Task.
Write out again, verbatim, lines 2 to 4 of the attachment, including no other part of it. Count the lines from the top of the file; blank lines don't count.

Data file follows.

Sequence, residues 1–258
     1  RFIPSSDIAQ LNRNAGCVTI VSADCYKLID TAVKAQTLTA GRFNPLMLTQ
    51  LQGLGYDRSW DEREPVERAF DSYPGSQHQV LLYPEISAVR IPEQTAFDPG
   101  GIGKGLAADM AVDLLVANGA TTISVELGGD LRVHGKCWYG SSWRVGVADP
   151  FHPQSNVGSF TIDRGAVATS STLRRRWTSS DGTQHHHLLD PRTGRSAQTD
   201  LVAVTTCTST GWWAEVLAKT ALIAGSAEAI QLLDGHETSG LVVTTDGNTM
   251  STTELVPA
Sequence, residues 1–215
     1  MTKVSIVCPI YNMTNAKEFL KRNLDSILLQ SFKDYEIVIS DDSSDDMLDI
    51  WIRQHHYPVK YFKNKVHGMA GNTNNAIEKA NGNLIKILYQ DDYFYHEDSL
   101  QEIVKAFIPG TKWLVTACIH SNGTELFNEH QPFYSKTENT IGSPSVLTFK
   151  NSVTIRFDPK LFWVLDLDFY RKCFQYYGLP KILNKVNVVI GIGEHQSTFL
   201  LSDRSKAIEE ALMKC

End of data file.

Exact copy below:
     1  RFIPSSDIAQ LNRNAGCVTI VSADCYKLID TAVKAQTLTA GRFNPLMLTQ
    51  LQGLGYDRSW DEREPVERAF DSYPGSQHQV LLYPEISAVR IPEQTAFDPG
   101  GIGKGLAADM AVDLLVANGA TTISVELGGD LRVHGKCWYG SSWRVGVADP